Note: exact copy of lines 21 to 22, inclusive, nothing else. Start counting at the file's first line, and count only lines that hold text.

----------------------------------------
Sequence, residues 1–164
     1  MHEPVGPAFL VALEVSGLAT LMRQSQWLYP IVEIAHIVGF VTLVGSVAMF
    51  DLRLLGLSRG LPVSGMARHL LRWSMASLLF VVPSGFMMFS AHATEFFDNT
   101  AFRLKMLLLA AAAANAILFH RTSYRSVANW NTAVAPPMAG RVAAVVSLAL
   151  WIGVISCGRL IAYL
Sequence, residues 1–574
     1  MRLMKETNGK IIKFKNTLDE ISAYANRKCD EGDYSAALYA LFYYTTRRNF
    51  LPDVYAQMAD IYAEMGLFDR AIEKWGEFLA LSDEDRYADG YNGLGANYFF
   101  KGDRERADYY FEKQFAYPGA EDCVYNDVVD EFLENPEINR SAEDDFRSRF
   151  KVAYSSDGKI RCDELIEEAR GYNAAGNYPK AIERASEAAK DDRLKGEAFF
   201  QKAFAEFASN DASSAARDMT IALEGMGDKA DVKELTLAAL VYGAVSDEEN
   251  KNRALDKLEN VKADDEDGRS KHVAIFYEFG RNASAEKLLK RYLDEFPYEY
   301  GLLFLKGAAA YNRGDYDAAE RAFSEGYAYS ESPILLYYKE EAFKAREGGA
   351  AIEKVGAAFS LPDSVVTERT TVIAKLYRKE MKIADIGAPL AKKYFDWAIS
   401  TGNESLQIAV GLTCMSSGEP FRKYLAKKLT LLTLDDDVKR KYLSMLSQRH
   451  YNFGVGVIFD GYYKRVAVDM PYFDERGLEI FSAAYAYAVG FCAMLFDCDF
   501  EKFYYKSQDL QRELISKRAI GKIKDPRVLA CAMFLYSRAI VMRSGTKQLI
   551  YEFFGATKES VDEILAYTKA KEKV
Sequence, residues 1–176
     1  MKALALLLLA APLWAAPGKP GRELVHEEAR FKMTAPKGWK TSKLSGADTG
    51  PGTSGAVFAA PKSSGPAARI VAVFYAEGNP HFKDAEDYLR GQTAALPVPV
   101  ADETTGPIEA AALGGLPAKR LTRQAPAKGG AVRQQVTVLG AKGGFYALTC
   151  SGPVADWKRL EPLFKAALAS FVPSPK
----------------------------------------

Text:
    51  PGTSGAVFAA PKSSGPAARI VAVFYAEGNP HFKDAEDYLR GQTAALPVPV
   101  ADETTGPIEA AALGGLPAKR LTRQAPAKGG AVRQQVTVLG AKGGFYALTC